Our driver arrived in a clean white van very apologetic for the misunderstanding. We hoped our ride would be one of the colorful 1950s era beauties we’d drooled over during our wait, but we’d have to hail one later. Departing Jose Marti we headed to our “casa particular” in Old Havana. Casas Particulares are private houses in Cuba serving as accommodations, similar to bed and breakfasts that offer rooms and meals in family homes. From what I could tell these have recently sprung up in great numbers due to the estimated 3.5 million American tourists expected to arrive shortly. I write “recently” as throughout our travels we saw many homes being remodeled with extra bathrooms, painted, and new open for business signs hung out front. In well-traveled tourist communities such as Vinales and Playa Larga, every house looks to be offering itself as a casa particular. Seems the Cubans have fittingly caught on to making money from foreigners.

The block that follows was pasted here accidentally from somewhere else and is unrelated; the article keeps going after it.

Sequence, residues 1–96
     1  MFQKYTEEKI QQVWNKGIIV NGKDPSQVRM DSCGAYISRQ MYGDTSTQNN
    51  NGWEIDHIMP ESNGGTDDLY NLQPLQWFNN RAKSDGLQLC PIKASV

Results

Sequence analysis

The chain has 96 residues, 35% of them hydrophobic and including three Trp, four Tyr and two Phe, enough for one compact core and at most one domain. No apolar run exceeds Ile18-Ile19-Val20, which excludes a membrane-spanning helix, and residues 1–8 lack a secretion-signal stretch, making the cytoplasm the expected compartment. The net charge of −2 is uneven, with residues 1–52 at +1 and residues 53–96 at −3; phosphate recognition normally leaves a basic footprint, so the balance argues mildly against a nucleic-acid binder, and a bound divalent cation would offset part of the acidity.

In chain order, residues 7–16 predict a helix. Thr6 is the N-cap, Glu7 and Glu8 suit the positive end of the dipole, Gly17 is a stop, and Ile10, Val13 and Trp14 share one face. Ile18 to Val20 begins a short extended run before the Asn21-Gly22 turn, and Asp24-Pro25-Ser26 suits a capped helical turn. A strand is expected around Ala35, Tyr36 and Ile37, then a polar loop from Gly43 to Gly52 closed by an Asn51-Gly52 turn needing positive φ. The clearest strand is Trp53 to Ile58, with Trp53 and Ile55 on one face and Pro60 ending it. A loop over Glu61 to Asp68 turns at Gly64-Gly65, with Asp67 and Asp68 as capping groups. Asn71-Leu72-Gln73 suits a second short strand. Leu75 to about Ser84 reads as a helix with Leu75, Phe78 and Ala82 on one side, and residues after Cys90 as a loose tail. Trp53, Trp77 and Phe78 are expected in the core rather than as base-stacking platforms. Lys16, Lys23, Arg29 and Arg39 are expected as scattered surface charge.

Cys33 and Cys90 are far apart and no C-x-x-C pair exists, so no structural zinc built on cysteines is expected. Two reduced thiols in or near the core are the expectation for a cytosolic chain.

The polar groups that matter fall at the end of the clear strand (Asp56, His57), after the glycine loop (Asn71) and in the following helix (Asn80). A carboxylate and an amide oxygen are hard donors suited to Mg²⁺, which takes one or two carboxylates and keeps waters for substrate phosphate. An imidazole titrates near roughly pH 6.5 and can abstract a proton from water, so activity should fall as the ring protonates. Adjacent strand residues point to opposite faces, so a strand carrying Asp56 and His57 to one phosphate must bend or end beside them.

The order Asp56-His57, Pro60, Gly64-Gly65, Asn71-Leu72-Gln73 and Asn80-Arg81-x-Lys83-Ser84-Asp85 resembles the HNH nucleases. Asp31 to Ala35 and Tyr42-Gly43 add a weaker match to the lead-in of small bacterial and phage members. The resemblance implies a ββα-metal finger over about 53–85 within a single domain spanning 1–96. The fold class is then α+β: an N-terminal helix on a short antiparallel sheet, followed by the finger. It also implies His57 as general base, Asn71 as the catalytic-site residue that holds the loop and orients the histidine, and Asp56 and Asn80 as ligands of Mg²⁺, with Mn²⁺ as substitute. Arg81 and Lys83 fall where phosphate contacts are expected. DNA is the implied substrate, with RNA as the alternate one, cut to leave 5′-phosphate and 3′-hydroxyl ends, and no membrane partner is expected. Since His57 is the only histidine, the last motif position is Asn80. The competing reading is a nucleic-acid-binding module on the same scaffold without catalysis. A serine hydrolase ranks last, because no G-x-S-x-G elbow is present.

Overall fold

Julia Thomsen

Street lined with Cassa Particulares in Habana Vieja, Cuba